Our priority should be to launch the new council website which as far as I am aware is paid for and practically ready to go.
  • The vote: Tied and lost 4/4

Sunday, February 14, 2016

Council meeting coming up

THE next council meeting will be held at the New Norfolk Courthouse in Circle St this Thursday night, starting at 6.30pm and you are very welcome to join us. If you would like any assistance or information about the meeting, please do get in touch.

The meeting agenda is available online and in hardcopy from the council chambers.

Next month's meeting will be held at Westerway on March 17, starting with a community forum at 6.30pm followed by the council meeting at 7pm.

Local Government Act under review


13 February 2016 

Peter Gutwein, Minister for Planning and Local Government

Review of Local Government Act

The Hodgman Liberal Government is committed to improving the efficiency and governance of local government and reducing costs to ratepayers.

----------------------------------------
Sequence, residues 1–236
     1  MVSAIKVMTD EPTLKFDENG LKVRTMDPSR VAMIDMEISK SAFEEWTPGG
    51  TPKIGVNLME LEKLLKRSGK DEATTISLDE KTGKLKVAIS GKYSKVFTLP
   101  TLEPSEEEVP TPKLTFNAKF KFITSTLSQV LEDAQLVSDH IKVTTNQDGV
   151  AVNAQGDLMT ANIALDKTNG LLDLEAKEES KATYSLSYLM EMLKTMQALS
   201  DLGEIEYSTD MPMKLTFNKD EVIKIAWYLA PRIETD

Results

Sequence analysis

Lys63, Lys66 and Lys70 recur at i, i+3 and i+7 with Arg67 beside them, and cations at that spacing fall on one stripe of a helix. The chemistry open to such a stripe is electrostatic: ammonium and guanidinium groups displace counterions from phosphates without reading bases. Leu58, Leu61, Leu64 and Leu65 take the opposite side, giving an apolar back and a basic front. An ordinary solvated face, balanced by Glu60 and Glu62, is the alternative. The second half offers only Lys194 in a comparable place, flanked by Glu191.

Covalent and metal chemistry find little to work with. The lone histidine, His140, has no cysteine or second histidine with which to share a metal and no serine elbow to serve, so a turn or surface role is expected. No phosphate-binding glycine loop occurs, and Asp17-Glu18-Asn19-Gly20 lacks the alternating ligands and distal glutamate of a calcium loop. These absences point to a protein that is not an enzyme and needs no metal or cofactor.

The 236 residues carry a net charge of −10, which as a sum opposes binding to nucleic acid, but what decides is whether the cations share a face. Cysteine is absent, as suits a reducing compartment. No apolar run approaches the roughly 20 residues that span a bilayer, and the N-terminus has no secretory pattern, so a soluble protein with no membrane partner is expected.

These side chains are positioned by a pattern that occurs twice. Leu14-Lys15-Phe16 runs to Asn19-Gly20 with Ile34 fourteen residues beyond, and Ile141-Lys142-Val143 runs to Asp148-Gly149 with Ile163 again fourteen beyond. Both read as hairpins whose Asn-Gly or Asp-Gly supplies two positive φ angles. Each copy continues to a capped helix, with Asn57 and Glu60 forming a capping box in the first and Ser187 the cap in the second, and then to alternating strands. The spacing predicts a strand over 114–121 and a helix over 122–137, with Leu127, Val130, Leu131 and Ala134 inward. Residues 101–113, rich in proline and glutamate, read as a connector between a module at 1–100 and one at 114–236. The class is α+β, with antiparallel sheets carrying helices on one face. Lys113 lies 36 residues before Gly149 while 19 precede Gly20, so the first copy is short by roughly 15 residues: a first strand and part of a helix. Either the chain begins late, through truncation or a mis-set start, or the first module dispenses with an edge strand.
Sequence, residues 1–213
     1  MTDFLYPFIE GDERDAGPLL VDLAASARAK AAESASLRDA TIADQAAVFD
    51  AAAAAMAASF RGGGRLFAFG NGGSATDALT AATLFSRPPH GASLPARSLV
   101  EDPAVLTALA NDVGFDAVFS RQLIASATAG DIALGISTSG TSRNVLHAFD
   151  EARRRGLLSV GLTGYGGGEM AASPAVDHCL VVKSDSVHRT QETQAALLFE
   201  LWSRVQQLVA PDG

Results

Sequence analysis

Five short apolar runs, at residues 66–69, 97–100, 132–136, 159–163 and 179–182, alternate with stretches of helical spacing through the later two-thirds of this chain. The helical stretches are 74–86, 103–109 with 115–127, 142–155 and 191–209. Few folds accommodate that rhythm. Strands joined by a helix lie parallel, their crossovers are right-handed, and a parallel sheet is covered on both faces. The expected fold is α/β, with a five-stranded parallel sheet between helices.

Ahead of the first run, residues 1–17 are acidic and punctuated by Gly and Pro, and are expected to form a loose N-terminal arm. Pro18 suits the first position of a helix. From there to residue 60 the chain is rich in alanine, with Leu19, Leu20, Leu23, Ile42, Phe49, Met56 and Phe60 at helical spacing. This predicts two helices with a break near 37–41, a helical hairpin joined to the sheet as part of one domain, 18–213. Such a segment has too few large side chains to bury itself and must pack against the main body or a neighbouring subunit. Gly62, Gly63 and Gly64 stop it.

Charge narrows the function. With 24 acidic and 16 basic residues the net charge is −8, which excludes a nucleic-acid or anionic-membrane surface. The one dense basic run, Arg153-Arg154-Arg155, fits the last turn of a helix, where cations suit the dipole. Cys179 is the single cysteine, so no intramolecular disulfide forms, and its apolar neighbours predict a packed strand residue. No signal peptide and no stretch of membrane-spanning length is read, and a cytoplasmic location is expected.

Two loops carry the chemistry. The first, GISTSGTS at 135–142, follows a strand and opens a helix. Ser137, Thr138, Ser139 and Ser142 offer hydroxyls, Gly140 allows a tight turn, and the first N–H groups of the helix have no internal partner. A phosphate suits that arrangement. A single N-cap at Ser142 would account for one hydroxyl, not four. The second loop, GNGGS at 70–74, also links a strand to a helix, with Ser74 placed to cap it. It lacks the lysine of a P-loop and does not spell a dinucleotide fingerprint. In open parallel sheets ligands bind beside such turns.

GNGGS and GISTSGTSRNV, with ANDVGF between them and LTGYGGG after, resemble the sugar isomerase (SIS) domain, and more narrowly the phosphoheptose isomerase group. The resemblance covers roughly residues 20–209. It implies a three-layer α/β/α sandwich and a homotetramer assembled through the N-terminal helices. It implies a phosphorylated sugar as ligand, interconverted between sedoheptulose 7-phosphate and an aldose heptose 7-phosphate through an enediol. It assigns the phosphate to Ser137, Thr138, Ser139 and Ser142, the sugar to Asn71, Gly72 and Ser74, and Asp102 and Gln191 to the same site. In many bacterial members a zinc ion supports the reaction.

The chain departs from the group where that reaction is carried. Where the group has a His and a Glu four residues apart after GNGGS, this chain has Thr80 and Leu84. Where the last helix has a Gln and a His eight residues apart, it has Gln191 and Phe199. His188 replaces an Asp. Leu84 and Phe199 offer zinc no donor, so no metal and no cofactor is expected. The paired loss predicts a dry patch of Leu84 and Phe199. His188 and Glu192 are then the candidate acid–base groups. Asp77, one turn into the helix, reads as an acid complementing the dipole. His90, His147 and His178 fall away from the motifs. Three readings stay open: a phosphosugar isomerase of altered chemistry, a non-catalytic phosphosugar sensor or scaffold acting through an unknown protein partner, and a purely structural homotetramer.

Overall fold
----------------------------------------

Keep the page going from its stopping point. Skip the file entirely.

Today I announce a targeted review of the Local Government Act 1993 which is timely given current community concern over how some councils are managing their affairs.
How and why some councils make their decisions are under the microscope at the moment and our review of the Act is precisely aimed at improving governance arrangements within our councils.
Local Government must be efficient and effective and deliver good value for ratepayers if we want to make Tasmania the best place in the country to live, work, invest and raise a family.
This targeted review of the Local Government Act will ensure the legislative framework for local government is effective and efficient, with a focus on governance improvement.